July 22, 2007, 5:00 am

When to Say “It’s Okay”

ear

Holy cow!

What the heck is this?

“Hey! I can see your brain from here!”

Is this what they did before tiny otoscopes were invented?

If they tried to irrigate through that thing they’d blow the brain out of the opposite ear!

It looks like a toilet plunger.

A bit of overkill for ear wax….

*****

Remember the literary project that Maria put together at Intueri? #1 Dinosaur at Musings of a Dinosaur jumped in with a great addition! Here is Dinosaur’s take on “A Picture is Worth a Thousand Words“.

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I think I finally figured something out.

Every now and then I sense a feeling of suspicion or wariness from a patient or family member.

The feeling that they are watching me like a hawk.

Like they don’t quite believe what they are being told.

No matter how many times you reassure them that everything is okay, there is an unspoken response of “Oh really?”

And that is the problem right there.

*****

Reassurance.

If a patient is concerned enough to come to an emergency department, they want validation that seeking treatment was the correct thing to do.

They want to know that we empathize with their concerns, that we understand.

If the first thing out of our mouth is something to the effect of “oh, this is nothing”, the patient may believe they are not being taken seriously. They believe there is something to be concerned about and it makes them anxious that we don’t seem to see it.

*****

I know a physician who handles this type of situation naturally, and I’ve learned by watching and listening.

First, acknowledge that the patient’s symptoms present a concern to them and it is understandable why they would seek treatment. Even if it is a non-urgent issue – it is an issue to the patient.

Second, discuss why the patient is concerned (for example, the patient fears they are having a CVA when it is Bell’s Palsy or a heart attack when it is really costochondritis) and explain why the patient does not fit the criteria for that particular problem.

Finally, explain what the diagnosis actually is and what can be done to make the patient feel better, at that point reassuring the patient that everything is okay.

*****

I guess the moral of the story here is not to be so quick to hand out those reassurance platitudes. For some patients it is a sign that their concerns are being trivialized.

It is hard to view every situation from the patient’s perspective, especially in a busy emergency department. For some, the gift of empathy comes easily. Others need to occasionally remind themselves to empathize.

Being able to do so goes a long way in diffusing suspicion and gaining the patient’s trust.

I’ve seen it in action.

5 Comments

  • Jen
    Jen

    July 22, 2007 at 2:37 pm

    Just wanted to say that I love the way you have updated your blog! I think it’s a little easier to navigate (not that there was anything wrong with the old way, just prefer this new setup 🙂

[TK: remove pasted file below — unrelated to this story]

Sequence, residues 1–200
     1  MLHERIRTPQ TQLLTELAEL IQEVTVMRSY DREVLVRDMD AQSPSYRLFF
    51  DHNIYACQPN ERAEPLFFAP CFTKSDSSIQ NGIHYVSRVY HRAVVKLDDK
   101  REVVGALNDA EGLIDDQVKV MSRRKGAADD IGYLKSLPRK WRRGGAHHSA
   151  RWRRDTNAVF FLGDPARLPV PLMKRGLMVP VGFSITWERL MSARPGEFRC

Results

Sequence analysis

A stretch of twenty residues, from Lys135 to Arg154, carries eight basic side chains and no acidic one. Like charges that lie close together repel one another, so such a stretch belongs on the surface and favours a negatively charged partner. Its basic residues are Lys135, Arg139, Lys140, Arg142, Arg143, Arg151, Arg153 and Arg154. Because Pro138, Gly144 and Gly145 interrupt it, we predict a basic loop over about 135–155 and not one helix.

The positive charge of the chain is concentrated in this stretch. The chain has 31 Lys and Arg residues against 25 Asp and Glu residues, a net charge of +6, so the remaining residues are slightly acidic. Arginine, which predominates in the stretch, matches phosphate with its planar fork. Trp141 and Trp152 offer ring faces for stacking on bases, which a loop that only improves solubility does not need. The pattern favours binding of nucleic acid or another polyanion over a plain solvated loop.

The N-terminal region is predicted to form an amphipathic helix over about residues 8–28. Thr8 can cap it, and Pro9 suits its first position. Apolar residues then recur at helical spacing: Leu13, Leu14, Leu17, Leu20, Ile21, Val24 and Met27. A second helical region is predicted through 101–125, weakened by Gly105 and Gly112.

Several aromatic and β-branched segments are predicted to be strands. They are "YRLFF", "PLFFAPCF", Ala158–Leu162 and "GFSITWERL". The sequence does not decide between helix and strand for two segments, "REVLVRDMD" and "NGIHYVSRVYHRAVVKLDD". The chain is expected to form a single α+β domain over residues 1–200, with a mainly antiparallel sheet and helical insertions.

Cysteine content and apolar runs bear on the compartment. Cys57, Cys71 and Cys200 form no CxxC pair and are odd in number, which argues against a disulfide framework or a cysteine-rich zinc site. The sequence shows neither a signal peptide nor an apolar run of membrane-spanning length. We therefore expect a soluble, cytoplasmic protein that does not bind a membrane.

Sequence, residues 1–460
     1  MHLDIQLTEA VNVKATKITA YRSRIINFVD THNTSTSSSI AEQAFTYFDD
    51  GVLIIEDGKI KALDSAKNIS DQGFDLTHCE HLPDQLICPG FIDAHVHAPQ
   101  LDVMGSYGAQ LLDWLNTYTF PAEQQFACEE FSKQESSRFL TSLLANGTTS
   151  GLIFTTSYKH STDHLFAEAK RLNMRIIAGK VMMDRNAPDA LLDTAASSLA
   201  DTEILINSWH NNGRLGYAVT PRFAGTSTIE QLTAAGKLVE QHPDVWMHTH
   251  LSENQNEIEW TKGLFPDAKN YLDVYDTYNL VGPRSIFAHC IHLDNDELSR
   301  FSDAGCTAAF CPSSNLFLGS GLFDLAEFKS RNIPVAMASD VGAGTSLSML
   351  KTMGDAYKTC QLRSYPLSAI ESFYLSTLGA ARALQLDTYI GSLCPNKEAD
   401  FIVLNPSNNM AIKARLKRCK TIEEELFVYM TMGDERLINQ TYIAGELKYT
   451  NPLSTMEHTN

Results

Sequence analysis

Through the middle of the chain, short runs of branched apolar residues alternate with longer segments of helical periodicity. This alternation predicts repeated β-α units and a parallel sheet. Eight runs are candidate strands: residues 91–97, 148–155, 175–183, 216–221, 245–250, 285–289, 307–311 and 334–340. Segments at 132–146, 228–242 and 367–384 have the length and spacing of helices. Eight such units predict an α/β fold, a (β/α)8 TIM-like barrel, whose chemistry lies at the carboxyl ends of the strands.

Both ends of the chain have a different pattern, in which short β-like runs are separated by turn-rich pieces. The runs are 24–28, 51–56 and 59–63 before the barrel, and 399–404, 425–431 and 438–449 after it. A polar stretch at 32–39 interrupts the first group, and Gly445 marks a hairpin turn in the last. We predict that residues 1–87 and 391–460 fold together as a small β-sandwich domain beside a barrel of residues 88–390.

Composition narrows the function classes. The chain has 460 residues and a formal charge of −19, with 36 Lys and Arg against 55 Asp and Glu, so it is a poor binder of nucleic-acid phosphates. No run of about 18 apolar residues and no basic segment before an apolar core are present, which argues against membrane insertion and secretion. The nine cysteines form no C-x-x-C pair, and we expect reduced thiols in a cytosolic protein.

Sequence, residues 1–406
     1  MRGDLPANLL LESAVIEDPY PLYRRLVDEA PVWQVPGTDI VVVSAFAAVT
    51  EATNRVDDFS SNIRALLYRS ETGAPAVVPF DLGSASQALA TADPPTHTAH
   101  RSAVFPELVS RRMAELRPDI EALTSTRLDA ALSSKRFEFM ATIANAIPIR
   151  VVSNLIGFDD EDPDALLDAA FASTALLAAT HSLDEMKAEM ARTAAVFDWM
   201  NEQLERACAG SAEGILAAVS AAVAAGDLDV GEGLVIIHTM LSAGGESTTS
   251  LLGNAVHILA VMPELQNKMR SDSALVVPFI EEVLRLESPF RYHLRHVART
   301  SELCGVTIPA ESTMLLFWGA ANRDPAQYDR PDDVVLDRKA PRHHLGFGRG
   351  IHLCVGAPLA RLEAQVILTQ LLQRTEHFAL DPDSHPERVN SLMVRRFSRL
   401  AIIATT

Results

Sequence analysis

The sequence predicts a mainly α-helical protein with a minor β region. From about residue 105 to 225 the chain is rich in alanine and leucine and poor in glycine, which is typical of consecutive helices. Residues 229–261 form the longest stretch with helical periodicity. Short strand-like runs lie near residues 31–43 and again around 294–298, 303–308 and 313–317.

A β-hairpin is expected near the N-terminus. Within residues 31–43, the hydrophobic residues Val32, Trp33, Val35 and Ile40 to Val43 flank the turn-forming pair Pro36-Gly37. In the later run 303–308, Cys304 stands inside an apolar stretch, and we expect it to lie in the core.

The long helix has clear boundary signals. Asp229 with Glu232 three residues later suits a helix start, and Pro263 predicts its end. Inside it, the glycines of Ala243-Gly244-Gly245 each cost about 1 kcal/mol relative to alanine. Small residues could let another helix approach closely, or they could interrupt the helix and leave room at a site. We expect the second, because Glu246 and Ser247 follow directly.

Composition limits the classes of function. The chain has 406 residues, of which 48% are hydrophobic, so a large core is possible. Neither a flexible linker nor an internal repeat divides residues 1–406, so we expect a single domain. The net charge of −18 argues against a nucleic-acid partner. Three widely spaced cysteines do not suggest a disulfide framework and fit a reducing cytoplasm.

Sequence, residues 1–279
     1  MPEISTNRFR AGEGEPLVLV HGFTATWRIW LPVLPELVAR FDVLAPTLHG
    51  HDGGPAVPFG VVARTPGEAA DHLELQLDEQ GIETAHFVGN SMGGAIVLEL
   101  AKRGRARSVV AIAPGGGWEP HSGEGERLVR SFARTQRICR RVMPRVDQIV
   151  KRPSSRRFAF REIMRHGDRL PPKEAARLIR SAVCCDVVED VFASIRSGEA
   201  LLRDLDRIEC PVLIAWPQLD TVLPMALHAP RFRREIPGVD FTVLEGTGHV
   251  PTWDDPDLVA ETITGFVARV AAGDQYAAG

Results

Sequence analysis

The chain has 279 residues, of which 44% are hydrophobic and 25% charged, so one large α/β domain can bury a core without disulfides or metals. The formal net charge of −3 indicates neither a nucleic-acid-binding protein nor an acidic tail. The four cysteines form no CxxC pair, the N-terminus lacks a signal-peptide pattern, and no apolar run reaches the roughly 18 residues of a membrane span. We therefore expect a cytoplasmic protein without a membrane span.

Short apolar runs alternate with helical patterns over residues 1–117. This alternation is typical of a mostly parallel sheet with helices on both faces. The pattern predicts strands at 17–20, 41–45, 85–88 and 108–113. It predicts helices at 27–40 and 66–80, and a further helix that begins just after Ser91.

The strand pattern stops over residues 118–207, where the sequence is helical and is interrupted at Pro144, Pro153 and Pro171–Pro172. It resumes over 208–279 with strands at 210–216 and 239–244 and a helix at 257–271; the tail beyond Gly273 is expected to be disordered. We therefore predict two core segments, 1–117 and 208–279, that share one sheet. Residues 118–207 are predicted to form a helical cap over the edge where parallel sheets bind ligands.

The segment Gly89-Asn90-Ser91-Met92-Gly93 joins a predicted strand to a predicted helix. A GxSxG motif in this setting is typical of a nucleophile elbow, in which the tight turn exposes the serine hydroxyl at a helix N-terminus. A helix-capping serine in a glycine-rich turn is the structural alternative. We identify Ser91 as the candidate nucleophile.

• BabsRN
    BabsRN

    July 22, 2007 at 2:49 pm

    Yes, Ma’am. I am actually one of those people who doesn’t trust anything but the honest, brutal truth – in a nice tone of voice, of course, but honest and straightforward nonetheless. I can’t respect anything less. And where I live, I’m surrounded by people who think the same way.


  • POPT
    POPT

    July 22, 2007 at 6:04 pm

    I’ve done acute hemodialysis treatments in hospitals with family members writing down everything I said and did. I agree with Babs. The honest, brutal truth told in a nice tone of voice is the way to go. I also see such times as opportunities for education of both staff and patients. I think when we are busy and distracted and have seen the same thing a gazillion times it is too easy to come across as trivializing the patient’s concerns.


  • Tyler
    Tyler

    July 24, 2007 at 6:43 am

    Validating customers’ concerns before solving their problems is important in any business, because if the customers don’t feel like their personal concerns are understood or appreciated, they will have less confidence, trust, and comfort in your ability to take care of them.

    It looks like a lot of the important aspects of good customer service in business are also present — and much more important — in healthcare.


  • jokergirl
    jokergirl

    July 25, 2007 at 5:09 am

    Thank you. This is one of the things that annoys me most about going to the doctor even for routine checkups – the feeling of not being taken seriously. Whether it is a legitimate concern or just curiosity – the attitude of “You haven’t studied medicine so you’re not going to understand this” is something that put me off a lot of doctors and makes me dread finding new ones every time. I don’t mind not knowing things, but I like to be informed.

    😉


About Me

My name is Kim, and I'm a nurse in the San Francisco Bay area. I've been a nurse for 33 years; I graduated in 1978 with my ADN. My experience is predominately Emergency and Critical Care, and I have also worked in Psychiatry and Pediatrics. I made the decision to be a nurse back in 1966 at the age of nine...

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